- However, both are just machines and require a human being to function.
- Machines do not think
- Computers lack creativity
- Devices lack consciousness
- Only human consciousness produces thinking.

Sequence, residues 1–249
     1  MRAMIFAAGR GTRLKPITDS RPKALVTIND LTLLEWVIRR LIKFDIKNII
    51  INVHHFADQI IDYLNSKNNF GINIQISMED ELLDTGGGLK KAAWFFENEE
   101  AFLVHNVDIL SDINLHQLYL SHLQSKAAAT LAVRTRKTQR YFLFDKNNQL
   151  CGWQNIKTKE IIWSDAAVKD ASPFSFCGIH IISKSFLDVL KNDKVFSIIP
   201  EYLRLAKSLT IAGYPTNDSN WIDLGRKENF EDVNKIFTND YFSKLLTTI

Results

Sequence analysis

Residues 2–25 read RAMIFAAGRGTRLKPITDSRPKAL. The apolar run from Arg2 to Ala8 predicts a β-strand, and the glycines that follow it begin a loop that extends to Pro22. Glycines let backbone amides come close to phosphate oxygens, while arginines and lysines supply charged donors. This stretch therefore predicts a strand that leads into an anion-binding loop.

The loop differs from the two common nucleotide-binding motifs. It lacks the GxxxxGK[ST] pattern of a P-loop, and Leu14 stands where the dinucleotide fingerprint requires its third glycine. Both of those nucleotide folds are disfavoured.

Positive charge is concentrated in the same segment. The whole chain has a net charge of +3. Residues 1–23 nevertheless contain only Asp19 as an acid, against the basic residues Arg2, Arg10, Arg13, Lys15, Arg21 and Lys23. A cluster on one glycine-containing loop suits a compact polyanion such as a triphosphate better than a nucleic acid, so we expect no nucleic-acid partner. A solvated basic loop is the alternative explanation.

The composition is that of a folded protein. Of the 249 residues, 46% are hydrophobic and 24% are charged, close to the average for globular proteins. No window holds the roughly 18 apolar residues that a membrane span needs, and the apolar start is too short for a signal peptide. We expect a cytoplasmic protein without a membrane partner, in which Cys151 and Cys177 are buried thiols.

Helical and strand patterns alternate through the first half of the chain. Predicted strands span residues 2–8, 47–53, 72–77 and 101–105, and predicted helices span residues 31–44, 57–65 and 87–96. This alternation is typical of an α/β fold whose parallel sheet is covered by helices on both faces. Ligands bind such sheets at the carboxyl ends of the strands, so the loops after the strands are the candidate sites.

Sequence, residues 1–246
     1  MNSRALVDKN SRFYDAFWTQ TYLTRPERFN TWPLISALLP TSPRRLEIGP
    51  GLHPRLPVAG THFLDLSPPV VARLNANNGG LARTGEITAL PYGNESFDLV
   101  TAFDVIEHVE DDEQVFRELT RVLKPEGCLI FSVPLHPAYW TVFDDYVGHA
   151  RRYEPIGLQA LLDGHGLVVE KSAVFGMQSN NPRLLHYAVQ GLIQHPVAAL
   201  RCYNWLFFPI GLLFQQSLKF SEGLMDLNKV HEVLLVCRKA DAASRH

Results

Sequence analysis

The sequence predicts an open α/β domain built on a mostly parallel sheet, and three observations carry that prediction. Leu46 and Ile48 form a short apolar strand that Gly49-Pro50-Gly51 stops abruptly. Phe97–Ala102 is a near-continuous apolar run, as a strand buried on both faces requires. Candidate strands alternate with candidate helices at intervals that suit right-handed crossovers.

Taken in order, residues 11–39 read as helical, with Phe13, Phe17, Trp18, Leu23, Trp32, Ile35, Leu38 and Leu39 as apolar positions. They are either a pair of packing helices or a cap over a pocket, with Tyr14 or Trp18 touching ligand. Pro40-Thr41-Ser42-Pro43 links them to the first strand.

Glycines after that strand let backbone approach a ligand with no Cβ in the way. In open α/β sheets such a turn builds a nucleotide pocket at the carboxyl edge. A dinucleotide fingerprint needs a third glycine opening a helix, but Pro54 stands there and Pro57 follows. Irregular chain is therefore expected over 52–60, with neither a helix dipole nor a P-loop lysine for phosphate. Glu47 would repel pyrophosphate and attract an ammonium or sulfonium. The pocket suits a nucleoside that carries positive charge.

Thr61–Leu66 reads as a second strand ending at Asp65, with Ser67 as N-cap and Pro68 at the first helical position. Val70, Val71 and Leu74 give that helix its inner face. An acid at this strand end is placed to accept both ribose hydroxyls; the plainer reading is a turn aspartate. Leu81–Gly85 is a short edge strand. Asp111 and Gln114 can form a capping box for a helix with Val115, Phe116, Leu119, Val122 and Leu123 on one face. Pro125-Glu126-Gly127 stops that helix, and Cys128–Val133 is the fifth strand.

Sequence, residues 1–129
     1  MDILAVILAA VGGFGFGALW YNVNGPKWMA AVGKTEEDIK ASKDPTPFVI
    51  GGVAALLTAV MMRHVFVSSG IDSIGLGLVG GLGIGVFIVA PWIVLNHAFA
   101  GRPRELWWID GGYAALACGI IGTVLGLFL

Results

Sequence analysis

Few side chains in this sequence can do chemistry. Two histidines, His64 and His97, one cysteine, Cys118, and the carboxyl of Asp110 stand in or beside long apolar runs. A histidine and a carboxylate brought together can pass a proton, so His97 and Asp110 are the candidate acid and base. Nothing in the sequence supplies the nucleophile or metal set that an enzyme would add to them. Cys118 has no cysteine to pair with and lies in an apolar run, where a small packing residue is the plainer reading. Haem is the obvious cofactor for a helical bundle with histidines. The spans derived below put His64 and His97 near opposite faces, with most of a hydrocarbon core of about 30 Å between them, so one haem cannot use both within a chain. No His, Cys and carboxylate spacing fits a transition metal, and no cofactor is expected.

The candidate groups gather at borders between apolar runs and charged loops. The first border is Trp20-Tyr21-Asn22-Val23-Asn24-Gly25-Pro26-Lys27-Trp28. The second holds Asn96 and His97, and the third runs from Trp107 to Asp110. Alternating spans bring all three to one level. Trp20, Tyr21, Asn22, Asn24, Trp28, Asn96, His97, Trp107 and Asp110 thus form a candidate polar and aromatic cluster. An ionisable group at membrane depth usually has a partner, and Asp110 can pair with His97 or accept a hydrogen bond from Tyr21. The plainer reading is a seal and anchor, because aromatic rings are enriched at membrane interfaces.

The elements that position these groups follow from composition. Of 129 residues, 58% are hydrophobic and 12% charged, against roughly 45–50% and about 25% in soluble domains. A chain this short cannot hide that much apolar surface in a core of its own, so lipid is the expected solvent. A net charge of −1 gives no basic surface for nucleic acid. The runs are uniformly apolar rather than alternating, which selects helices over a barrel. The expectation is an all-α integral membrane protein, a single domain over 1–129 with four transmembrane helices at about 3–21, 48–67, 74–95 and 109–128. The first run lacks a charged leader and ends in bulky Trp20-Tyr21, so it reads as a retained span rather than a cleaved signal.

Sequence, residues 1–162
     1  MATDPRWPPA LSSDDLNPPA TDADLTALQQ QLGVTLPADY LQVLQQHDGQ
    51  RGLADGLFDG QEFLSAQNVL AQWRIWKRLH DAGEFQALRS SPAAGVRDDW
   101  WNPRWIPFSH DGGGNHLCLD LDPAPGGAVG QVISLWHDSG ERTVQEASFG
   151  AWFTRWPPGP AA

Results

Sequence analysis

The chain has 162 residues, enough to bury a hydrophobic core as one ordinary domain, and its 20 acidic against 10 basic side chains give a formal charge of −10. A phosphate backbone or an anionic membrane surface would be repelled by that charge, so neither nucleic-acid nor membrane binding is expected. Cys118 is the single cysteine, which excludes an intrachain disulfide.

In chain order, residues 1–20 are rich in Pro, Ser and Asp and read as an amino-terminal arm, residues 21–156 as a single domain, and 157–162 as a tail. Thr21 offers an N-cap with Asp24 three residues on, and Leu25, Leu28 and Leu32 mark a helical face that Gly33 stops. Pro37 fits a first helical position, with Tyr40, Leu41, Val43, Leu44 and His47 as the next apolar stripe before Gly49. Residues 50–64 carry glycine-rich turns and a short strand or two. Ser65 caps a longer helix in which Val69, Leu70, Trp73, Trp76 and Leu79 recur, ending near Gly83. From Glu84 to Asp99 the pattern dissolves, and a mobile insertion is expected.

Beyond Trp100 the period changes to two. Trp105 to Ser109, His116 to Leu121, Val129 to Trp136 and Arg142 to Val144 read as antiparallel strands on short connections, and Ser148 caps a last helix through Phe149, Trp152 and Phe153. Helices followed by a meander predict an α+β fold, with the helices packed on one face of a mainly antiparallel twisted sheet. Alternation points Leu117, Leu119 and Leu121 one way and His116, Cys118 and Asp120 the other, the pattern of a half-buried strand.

[et_pb_section][et_pb_row][et_pb_column type=”4_4″][et_pb_text] Currently, the terms “Artificial Intelligence,” and “Algorithms” have been sold to the masses as being objective, scientific and unfortunately accurate. What has been sold to us, is and has been, merely a marketing trick to intimidate consumers with accepting algorithms as gospel. A lot can go wrong when collectively, we put blind faith in big data. If Fannie Mae and Freddie Mac now allow ‘Algorithms’ be the ‘Decider’ and not human appraisers for your next Home Loan – Then is it not logical that the laws be updated and enacted to properly reflect and acknowledge that the programmers and their Bosses who’ve signed off on them by holding them to the same level of accountability as both the Licensed and State Certified Real Estate Appraisers? Algorithms are everywhere. They sort and separate the winners from the losers. The winners get the job or a good credit card offer. The losers don’t even get an interview, or they pay more for insurance. We’re being scored with secret formulas that we don’t understand that often don’t have systems of appeal. That begs the question: What if the algorithms are wrong? To build an algorithm, you need two things: you need data, what happened in the past, and a definition of success, the goal that you’re looking for and often hoping to repeat. You train an algorithm by looking, figuring out. The algorithm figures out what’s associated with success. What situation leads to success? Algorithm’s; Artificial Intelligence are 21st-century machines. They require a human being to function. Therefore algorithm/A.I., cannot usurp the human mind. A machine can solve only “deterministic” problems. New data/information would be a surprise. A “deterministic algorithm” is an algorithm which, given a particular input, will always produce the same output, with the underlying machine always passing through the same sequence of states.” The second type: “nondeterministic algorithms” are often used to find an approximation to a solution, when the exact answer would be too costly to obtain using a deterministic one. A nondeterministic algorithm represents a single path stemming into many routes, some of which may arrive at the same output and some of which may arrive at different outputs.